The environmental movement has reached middle age. The widespread acceptance of the validity of the environmental movement was marked in 1970 by the first Earth Day in April and by the founding of the US EPA in December of that year. Yet, 1970 was not the beginning of the environmental movement that happened in the 1950’s and 1960’s in the height of the post war industrial era. Fires occurred on the Cuyahoga River in 1868, 1883, 1887, 1912, 1922, 1936, 1941, 1948, and in 1952. The fires are believed to have been caused by vast oil slicks on the river. The 1952 fire caused over 1.5 million dollars in damage, but today we recall only the small and short lived fire of 1969. The time was right, the environmental movement had had been embraced by the country. On August 1, 1969, Time magazine reported on the fire and on the condition of the Cuyahoga River. The magazine stated:
“Some River! Chocolate-brown, oily, bubbling with subsurface gases, it oozes rather than flows. "Anyone who falls into the Cuyahoga does not drown," Cleveland's citizens joke grimly. "He decays". . . The Federal Water Pollution Control Administration dryly notes: "The lower Cuyahoga has no visible signs of life, not even low forms such as leeches and sludge worms that usually thrive on wastes." It is also -- literally -- a fire hazard.”
When we see today’s environmental issues and concerns we are alarmed and forget the dreadful state of the environment 40 years ago. Not only was the Cuyahoga in terrible shape, countless rivers and streams were virtually dead zones. We have come so far that even with the US population increasing from 200 to 300 million people our air is cleaner, our water is cleaner and our soils less contaminated. We have much to celebrate and much work yet to do.
A family of wild turkeys has parked themselves in our yard and the back meadow is filled with black birds. While trying to figure out if the black birds are crows, ravens or black birds I am reminded of the bird watcher and author Rachel Carson. Her book, Silent Spring, is widely credited as beginning the environmental movement. From the US EPA web site:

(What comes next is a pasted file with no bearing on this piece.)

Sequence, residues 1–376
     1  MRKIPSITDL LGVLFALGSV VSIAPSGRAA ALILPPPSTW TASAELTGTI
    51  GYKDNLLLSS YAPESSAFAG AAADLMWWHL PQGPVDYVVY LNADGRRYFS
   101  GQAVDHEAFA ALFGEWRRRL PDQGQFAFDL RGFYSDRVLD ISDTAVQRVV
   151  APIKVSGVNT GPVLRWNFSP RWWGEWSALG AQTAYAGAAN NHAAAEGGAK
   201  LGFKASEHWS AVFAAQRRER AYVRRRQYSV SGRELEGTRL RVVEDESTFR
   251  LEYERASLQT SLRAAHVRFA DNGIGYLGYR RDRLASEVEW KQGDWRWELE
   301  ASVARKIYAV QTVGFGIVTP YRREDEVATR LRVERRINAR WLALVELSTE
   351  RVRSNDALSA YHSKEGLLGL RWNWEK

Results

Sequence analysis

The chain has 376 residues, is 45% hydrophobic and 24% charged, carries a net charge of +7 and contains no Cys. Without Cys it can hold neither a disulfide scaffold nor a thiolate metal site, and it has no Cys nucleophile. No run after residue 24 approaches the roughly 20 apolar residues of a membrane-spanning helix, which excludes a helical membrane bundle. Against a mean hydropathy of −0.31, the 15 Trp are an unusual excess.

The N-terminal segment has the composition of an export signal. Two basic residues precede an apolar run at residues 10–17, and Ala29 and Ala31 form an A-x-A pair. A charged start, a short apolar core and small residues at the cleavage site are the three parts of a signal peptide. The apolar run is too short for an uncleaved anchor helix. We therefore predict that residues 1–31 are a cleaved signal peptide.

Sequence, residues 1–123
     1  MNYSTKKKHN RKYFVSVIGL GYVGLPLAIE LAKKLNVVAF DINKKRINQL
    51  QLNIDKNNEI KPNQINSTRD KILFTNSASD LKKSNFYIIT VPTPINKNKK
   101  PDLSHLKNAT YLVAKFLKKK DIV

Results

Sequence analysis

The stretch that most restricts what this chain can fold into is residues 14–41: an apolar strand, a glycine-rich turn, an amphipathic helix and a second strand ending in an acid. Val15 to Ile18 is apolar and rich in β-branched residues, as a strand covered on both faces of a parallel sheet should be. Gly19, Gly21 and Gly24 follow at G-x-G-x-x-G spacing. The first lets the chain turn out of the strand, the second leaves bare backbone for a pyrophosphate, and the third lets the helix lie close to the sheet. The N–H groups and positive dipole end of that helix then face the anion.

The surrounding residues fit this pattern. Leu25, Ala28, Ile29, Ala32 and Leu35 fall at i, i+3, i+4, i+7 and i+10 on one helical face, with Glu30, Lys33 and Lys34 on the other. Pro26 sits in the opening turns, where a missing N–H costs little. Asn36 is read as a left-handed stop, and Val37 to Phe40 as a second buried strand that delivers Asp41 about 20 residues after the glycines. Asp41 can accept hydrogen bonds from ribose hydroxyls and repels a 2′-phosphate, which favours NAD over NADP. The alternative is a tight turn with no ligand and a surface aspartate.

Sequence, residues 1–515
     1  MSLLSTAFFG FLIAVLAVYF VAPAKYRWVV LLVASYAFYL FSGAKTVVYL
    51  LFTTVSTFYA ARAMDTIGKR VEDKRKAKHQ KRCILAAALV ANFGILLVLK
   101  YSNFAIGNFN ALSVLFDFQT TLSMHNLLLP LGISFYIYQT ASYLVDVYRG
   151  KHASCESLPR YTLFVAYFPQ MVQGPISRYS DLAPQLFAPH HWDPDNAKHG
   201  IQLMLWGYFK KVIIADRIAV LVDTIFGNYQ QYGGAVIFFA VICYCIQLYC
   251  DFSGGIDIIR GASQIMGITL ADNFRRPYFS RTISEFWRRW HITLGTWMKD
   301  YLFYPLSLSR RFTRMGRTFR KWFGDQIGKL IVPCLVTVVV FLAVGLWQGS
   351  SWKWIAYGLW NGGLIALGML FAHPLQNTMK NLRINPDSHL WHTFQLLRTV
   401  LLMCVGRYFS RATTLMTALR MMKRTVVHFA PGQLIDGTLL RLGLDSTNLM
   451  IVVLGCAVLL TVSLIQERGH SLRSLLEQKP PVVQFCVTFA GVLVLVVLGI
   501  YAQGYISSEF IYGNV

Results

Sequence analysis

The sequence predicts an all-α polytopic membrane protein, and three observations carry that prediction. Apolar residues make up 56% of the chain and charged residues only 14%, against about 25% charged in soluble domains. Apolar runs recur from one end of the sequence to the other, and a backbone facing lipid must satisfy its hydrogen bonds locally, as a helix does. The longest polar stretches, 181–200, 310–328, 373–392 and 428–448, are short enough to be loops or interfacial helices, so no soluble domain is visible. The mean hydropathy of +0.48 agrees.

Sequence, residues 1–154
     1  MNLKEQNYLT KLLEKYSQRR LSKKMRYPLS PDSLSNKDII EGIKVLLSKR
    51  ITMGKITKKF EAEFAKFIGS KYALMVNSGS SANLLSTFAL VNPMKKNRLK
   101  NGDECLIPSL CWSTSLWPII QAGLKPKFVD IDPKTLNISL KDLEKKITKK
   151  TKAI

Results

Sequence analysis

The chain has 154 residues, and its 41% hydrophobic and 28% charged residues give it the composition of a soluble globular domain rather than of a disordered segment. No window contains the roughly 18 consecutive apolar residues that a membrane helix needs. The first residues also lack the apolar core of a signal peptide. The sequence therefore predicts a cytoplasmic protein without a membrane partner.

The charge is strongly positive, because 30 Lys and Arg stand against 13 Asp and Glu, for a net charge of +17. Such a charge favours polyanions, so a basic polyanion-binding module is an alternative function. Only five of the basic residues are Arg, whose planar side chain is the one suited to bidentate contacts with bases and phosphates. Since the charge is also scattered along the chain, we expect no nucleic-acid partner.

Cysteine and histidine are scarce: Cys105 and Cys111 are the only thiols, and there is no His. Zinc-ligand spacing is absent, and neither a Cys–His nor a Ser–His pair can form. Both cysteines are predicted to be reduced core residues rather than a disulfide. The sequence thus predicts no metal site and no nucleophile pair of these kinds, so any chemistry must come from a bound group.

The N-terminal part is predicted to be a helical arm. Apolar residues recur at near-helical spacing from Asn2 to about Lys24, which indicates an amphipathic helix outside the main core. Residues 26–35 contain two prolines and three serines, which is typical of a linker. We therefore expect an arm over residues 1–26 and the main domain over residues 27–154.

“(M)any environmental ideas first crystallized in 1962. That year saw the publication of Rachel Carson's Silent Spring, first in serial form in the New Yorker and then as a … best seller. This exhaustively researched, carefully reasoned, and beautifully written attack on the indiscriminate use of pesticides was not exactly light reading. Yet it attracted immediate attention and wound up causing a revolution in public opinion. Skeptics then and now have accused Carson of shallow science, but her literary genius carried all before it. Followers flocked to Carson's cause--rendered all the more sacred by her premature death in 1964. Suddenly, everywhere people looked, they saw evidence of nature's spoilation. Concern over air and water pollution spread in widening eddies from the often-forgotten core of the movement: a highly detailed and intellectually challenging book about commercial pesticides.”
It is difficult for someone of my age and inclinations (having worked for the US EPA in the 1970’s) to think of DDT without thinking of Silent Spring. Though it is often thought that Carson was calling for the elimination of all pesticides, Carson had made it clear she was not advocating the banning or complete withdrawal of helpful pesticides, but was instead encouraging responsible and carefully managed use, with an awareness of the chemicals' impact on the entire ecosystem. As Eric Hoffer points out in his book, “True Believer” mass movements can never be moderate and rational they attract followers by the prospect of sudden and spectacular change. We are a nation of over sprayers. We figuratively and literally take the Raid can and spray a stream of bug spray at the offending specimen until we kill it by poisoning or drowning. Moderate, responsible action seems impossible for us, but that is the skill we must learn as responsible stewards of this earth and as humane and concerned citizens of the planet. We must balance concern for the earth as measured by whatever index suites your world view with the needs of the lesser developed world to escape poverty and disease. What is the point of saving the earth if not for mankind? For an upbeat look at progress made in the fight for a cleaner planet see “Index of Leading Environmental Indicators, Fourteenth Edition” by Steven E. Hayward. It is worth reading in these challenging times.